Poca Madre

Image: Tuna and Uni Tostada

Last Visited: November 2019

Poca Madre is an excellent restaurant that has found its groove. You enter from the side of the building, around the corner from Taco Bamba, and pass into a high-ceiling oasis where Chef/Owner Victor Albisu serves upscale Mexican cuisine.  Nearly all leave impressed.  Rather than starting strong and falling off, Poca Madre seems to be gathering steam.

The first sign of creativity is the chips and salsa.  Served in a small metal bowl, it is a single crisp circle that you break into three or four pieces and dip into the sauce underneath.  It is not there to stuff you before the main course. It is a scene setter.  From there, choose from appetizers that are heavy on fresh and veggie options.  The tuna and uni tostada is creamy and crispy.  The Hamachi ceviche with hibiscus agua Jamaica is far from the standard.  The entrees also are deeply flavorful and can be rich. The winner is the duck done al Pastor style and is meant to be shared.  The server said it was the best thing on the menu, and it may be the best thing in several square blocks.  Like the mole fried chicken, it comes with blue corn tortillas so you can eat it as little tacos.  There is also a very big burrito on the menu that list its ingredients as: wagyu, lobster, caviar, robiola, and black truffle-black beans.  Other dishes are less opulent.  Lighter fish dishes can be found among the entrees, though one is done as a torta sandwich.  Desserts are also a mix of sophisticated high and low.  Suspiro Mexicano is a mélange of light flavors including meringue, caramel corn and ash.  The “Donas” are small, churro-flavored donuts with dulce de leche sauce.

Mezcal is at the heart of the beverage program, both straight-up or included in cocktails.  There is a whole separate menu just for the spirit.  The wine list is interesting and includes many Latin American choices, though it is a bit steep with nearly all the reds starting at $100 and going up from there.  Despite the long history of Mexican brewing, there are only a handful of beer options on the list (but that probably reflects diners’ preferences more than the restaurant’s).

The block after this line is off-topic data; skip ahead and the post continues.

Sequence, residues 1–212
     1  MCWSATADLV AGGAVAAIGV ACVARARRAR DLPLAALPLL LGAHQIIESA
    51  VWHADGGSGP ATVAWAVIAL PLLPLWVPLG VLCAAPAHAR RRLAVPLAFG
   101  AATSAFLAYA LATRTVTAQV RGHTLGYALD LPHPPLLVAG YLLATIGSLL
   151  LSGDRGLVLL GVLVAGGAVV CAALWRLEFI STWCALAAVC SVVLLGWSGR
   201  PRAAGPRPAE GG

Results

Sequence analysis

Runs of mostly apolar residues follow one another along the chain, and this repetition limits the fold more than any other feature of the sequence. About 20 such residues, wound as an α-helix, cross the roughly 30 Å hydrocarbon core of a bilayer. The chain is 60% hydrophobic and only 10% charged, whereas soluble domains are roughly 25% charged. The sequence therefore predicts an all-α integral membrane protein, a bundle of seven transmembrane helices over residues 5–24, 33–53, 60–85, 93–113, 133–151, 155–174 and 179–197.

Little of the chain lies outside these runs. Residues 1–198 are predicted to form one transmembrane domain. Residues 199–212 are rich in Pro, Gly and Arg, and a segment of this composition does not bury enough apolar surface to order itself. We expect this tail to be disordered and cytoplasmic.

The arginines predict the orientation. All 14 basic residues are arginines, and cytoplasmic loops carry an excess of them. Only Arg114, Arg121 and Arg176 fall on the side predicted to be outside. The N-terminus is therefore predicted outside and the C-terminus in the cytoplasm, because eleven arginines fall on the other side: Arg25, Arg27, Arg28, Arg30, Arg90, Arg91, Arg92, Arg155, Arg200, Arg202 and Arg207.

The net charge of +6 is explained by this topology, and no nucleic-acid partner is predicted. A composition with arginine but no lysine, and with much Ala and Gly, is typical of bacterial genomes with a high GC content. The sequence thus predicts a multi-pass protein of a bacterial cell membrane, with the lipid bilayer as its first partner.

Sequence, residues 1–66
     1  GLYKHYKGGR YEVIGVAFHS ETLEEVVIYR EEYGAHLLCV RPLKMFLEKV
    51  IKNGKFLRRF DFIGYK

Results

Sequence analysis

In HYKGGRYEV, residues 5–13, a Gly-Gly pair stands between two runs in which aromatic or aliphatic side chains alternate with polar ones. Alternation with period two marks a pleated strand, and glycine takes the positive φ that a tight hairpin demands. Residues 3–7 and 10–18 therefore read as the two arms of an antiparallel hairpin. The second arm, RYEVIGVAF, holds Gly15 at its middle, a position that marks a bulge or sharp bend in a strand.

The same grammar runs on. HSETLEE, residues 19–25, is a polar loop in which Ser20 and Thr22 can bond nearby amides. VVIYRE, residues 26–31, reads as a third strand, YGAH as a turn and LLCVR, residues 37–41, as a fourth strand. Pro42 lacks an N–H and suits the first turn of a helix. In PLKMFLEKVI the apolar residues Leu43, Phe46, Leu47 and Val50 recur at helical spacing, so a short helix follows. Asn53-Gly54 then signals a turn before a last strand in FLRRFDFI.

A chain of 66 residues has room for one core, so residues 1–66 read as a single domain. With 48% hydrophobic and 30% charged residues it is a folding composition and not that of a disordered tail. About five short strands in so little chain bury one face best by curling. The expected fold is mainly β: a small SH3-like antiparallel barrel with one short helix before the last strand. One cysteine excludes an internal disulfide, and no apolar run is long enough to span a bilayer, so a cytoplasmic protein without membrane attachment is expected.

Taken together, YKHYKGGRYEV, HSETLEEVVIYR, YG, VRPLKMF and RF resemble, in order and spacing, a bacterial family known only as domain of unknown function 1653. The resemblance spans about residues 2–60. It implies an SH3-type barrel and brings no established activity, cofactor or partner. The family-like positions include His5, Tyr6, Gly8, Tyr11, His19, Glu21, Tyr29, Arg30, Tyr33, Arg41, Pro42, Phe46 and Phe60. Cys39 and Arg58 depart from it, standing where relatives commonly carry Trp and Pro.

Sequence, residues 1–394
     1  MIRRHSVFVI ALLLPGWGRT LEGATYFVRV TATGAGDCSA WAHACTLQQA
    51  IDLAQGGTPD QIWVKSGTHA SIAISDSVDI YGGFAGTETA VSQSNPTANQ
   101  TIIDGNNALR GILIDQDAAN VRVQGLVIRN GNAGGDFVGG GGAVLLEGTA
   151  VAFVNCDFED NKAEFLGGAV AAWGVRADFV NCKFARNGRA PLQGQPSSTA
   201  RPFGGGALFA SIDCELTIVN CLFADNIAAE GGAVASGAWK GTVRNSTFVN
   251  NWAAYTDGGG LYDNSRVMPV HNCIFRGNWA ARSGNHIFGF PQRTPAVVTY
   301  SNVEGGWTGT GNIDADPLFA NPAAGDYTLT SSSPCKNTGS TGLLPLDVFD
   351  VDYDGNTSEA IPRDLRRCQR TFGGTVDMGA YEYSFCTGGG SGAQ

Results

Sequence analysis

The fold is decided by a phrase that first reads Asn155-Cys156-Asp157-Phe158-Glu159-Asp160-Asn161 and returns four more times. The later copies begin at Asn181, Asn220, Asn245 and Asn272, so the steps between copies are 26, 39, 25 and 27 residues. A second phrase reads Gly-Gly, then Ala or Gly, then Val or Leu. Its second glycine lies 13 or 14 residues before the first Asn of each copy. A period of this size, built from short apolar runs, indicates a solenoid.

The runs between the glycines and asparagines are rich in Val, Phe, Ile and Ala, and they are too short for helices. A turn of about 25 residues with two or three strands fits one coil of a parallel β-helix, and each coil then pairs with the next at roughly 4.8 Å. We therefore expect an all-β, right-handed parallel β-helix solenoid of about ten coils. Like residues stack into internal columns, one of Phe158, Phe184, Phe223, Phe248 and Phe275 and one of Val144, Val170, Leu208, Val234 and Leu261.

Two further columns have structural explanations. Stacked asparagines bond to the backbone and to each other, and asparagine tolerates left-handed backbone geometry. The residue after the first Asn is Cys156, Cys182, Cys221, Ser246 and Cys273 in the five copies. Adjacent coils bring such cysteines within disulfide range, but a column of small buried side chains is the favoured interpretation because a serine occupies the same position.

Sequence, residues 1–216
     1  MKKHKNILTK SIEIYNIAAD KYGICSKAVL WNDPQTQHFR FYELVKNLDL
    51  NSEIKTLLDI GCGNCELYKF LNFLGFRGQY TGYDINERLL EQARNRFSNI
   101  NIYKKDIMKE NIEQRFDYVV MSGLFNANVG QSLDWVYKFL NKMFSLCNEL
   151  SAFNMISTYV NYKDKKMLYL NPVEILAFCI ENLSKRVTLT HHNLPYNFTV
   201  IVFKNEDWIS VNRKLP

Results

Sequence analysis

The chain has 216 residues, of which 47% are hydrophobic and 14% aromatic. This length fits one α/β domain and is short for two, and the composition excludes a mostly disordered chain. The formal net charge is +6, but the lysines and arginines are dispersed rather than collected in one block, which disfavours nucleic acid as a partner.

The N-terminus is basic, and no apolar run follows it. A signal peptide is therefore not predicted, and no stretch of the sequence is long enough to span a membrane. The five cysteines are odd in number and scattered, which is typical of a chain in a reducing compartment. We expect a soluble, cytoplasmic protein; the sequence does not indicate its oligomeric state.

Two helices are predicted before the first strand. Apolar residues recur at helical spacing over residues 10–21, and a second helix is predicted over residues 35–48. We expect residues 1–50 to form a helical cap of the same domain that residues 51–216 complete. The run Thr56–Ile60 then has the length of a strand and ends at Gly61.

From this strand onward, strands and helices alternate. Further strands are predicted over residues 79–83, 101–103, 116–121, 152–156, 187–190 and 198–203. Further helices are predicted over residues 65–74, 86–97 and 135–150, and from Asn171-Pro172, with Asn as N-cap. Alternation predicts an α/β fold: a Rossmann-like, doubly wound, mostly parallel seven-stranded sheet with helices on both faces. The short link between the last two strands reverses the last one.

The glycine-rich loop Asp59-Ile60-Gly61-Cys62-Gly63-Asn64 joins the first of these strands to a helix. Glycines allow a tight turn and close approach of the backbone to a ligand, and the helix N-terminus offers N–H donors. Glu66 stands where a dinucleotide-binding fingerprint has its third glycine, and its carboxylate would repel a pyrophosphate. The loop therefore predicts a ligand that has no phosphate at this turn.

The atmosphere hovers in that space between formal and casual.  The look is serene, but the staff is energetic.  There is a hum of conversation in the air, but the low-volume music in the background keeps it from forcing you to raise your voice.  The bar area is limited to six seats, which also limits the din and congestion (but can throw a wrench into plans to dine solo).

It took a while for Poca Madre to settle in, but it also took me a while to figure it out.  The mix of high and low elements seemed muddled initially, but developed into a skilled playfulness.  Rather than falling off the radar, time between visits heightened the desire to return for the deep, rich flavors.  It is a relatively expensive meal, but one that justifies a trip across town when the cravings kick in.  The last two visits have raised the rating to “Worth Paying for Cab.”

Other Guidance:  It is fine dining but not fancy, jeans are not out of place, but anything grungy is.  There are GF and vegetarian options and many more if pescatarian.  The quality of the staff is highlighted by the manager I saw talking through the menu to work around a dairy allergy, highlighting safe dishes or those that could be modified.

Rating: Worth Paying for Cab (upgraded)
Cuisine: Latin American (upscale Mexican)
Neighborhood: Chinatown/City Center
Address: 777 I Street NW, Washington, DC 20001
Website: https://www.pocamadredc.com/
Reservations: Opentable

Other Critics/Voices:

Washington Post: Tom gave in 2.5 stars early, but upgraded to 3.0 in the Fall 2019 Dining Guide, where he listed it at #6 (scroll down in the link to see the progression).

Washingtonian: #34 in 2019. Preview.

DonRockwell.com

Lori: Short review in 2018: “Poca Madre means ‘little mother’ which translates to cool, awesome, and interesting.  The name is a perfect fit.”

Rick Eats DC: #18 on his Spring 2019 Top 25. “Most of the reinventions work beautifully, from the technicolor raw fish preparations to the large plates of chicken and duck.”

Tyler: “One of my favorite places right now, you could call it Mexican-Peruvian fusion”

Michelin:  Plate rating.

Door dividing Del Campo